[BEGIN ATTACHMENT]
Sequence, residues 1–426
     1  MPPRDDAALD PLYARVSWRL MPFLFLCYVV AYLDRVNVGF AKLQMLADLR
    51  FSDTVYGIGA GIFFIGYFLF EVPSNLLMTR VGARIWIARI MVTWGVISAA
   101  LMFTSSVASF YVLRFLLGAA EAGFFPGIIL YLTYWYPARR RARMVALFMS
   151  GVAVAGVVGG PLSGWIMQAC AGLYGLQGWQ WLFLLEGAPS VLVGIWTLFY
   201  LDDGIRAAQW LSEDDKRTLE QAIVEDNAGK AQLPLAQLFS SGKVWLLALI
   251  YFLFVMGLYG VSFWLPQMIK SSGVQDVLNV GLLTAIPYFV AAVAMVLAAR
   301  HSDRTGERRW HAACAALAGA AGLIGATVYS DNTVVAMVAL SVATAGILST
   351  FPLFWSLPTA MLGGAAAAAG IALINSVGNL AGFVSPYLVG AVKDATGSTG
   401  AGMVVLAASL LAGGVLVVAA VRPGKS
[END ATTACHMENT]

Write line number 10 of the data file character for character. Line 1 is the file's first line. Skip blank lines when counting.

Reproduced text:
   401  AGMVVLAASL LAGGVLVVAA VRPGKS